Abusing trade law to ban iPhones is not in the public interest

An otherwise ordinary legal dispute between three American tech giants has taken a bizarre turn, leading a federal trade agency to consider whether enforcing one company's patent rights could end up harming national security.

The dispute stems from Apple's decision to start making iPhones with chips supplied by Intel instead of Qualcomm. Qualcomm responded by filing patent lawsuits against Apple, including a complaint at the U.S. International Trade Commission seeking an import ban on some, but not all, iPhones — only those that contain Intel modem processors.

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The anti-competitive effects of such a ban are obvious, but there's more at stake here than just Qualcomm's market share.

A competitive market for modem processors is vital for the development and deployment of secure 5G networks in the United States. The issue is serious enough that the ITC should rely on its rarely used power to withhold a trade remedy on public interest grounds, even if Apple's phones infringe a patent.

Although most Americans have probably never heard of the ITC, the agency has authority over a wide range of trade-related matters, including unfair trade investigations under Section 337 of the Smoot-Hawley Tariff Act of 1930. The trade agency conducts dozens of such investigations every year, usually involving claims of patent infringement against American companies that are also defending against the same patent claims in court. Unlike a court, however, the ITC cannot award damages for infringement — it's only remedy is to ban the importation of infringing products.

But an import ban can cause serious harm to consumers and markets, harm that greatly exceeds the value of a single patent. That's especially true for high-tech devices like smartphones, which include technology covered by hundreds of thousands of patents.

To mitigate that harm, the law requires the ITC to consider the impact of an exclusion order on the public interest. Specifically, the agency must look at the consequences of an import ban on product availability, consumers, competitive conditions in the U.S. economy and the public welfare.

In the iPhone investigation, an administrative law judge recently recommended against issuing an import ban, ruling in Qualcomm's favor on infringement but in Apple's favor on the public interest.

In particular, the judge found that an exclusion order would force Intel out of the 4G modem market and ultimately "harm the role and ability of the United States in developing emerging 5G technology to the likely detriment of U.S. national security and competitiveness." He added that there's a "near certainty" that granting Qualcomm an import ban would cause "real harm to the United States on a potentially very broad basis."

That's a big win for Apple, but the case is far from over. The judge's findings on the public interest are just a recommendation to the six-member commission, which has the final say. But the Commission seldom denies an exclusion order for public interest reasons. In fact, it's only done so three times in its entire history. And the last time was in 1984.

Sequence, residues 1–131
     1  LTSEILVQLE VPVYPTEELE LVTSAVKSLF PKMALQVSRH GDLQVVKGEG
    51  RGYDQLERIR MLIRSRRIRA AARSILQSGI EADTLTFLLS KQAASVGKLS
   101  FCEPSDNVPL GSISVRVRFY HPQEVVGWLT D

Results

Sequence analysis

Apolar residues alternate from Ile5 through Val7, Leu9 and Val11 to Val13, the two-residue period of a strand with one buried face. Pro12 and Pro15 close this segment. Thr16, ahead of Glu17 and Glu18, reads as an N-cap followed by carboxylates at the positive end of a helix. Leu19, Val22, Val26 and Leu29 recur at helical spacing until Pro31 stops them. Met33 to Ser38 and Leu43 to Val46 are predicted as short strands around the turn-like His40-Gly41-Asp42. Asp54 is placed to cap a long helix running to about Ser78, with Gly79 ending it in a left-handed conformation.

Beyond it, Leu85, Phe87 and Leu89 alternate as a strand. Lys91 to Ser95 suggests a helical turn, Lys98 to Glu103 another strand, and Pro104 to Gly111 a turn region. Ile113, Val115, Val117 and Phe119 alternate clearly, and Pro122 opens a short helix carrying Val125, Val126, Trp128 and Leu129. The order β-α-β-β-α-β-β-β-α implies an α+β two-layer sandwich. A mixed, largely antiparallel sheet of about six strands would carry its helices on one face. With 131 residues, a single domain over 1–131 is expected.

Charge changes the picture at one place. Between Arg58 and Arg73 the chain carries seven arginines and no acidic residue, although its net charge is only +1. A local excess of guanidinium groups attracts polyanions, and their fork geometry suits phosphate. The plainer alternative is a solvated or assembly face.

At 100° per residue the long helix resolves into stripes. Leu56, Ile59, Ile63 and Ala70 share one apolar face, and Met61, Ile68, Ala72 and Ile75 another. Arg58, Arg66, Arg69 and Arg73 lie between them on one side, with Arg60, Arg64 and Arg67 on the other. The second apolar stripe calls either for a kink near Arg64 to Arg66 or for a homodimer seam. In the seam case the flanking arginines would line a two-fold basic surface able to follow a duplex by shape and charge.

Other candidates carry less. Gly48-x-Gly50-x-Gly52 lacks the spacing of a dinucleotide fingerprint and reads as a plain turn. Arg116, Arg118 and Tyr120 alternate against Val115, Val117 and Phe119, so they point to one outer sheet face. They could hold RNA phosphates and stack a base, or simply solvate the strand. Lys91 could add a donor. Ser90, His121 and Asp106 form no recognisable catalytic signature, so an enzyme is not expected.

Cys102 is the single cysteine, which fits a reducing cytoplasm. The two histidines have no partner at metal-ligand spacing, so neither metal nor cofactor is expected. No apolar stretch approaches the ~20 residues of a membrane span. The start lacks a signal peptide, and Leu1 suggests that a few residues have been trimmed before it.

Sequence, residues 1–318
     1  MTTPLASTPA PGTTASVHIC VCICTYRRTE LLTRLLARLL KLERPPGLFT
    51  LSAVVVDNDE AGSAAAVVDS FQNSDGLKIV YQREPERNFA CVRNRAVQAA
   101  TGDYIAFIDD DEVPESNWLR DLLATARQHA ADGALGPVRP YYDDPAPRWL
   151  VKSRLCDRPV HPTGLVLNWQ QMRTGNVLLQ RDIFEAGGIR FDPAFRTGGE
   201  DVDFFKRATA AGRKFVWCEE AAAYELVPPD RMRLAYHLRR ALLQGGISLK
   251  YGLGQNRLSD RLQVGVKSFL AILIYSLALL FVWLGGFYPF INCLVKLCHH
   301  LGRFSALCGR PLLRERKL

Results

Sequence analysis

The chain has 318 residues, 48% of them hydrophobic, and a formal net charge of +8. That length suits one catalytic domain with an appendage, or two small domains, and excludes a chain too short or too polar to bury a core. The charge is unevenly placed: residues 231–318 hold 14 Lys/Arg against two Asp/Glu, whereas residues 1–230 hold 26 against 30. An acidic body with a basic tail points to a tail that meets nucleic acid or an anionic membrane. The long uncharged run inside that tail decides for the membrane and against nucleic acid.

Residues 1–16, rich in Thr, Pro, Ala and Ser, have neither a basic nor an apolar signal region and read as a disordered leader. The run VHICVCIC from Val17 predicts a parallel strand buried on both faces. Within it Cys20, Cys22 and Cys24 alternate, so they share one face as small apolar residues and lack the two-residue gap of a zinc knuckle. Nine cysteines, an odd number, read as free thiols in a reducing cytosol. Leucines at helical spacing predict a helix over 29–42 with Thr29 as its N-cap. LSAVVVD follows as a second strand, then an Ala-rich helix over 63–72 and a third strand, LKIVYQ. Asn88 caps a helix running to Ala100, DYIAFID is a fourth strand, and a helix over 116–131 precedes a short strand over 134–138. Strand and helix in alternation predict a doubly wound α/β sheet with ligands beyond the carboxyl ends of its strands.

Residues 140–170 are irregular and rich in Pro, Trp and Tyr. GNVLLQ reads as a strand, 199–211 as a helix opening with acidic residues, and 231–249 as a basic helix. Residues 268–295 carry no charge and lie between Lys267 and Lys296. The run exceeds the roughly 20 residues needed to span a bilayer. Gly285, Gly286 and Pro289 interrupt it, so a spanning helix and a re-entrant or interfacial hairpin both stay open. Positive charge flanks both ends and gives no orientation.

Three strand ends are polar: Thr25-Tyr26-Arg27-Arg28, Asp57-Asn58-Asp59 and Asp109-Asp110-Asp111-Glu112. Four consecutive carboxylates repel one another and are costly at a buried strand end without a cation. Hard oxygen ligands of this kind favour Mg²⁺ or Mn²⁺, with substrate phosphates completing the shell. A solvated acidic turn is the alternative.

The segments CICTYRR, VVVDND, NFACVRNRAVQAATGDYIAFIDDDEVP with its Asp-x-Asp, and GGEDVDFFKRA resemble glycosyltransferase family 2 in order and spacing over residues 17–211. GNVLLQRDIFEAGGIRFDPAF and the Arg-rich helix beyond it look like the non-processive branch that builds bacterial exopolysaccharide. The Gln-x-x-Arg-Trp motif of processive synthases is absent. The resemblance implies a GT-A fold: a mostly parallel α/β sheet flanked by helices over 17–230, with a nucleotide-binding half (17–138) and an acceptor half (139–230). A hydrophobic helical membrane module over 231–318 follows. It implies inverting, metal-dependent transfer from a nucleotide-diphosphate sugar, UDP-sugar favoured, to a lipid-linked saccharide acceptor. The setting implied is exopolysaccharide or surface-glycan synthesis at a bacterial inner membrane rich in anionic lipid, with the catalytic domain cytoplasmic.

One big reason why public interest arguments don't succeed at the ITC is that the agency always weighs any possible harm from an exclusion order against a strong competing public interest in the enforcement of intellectual property rights.

That same concern has prompted fierce criticism of the administrative law judge’s recommendation from some policy groups. Refusing to issue an exclusion order after finding infringement, they say, is the work of “socialists,” “encourages patent theft” and “is tantamount to abrogating the rule of law.”

These criticisms completely mischaracterize the ITC’s purpose. The trade agency’s power to block imports is not meant to enforce patent rights but to prevent unfair foreign competition from harming the U.S. economy. That’s why the law includes not just a public interest test but other trade-related limits, like the requirement that complainants operate or license a domestic industry.

Critics also ignore the fact that Qualcomm can sue Apple in a court of law, where independent, constitutionally-appointed judges have the power to provide relief for infringement. The question is not whether the public's interest in upholding patent rights is important; it’s whether that interest is even implicated.

Giving great weight to the public interest in patent protection is especially unjustified in Qualcomm's case, where the company’s quest for an import ban targeting only iPhones with Intel processors is part of a broader strategy to misuse its patents in order to extort its customers and drive its competitors out of the market.

The ITC should not let Qualcomm further its anticompetitive schemes through trade laws. The public interest strongly favors a competitive market in modem processors to better develop secure 5G technology. That's ample reason for the ITC to avoid imposing a trade remedy that harms American companies and consumers just so Qualcomm won’t have to take its patent complaint to court.

Bill Watson is an associate fellow at the R Street Institute who specializes in the role of technology in international trade.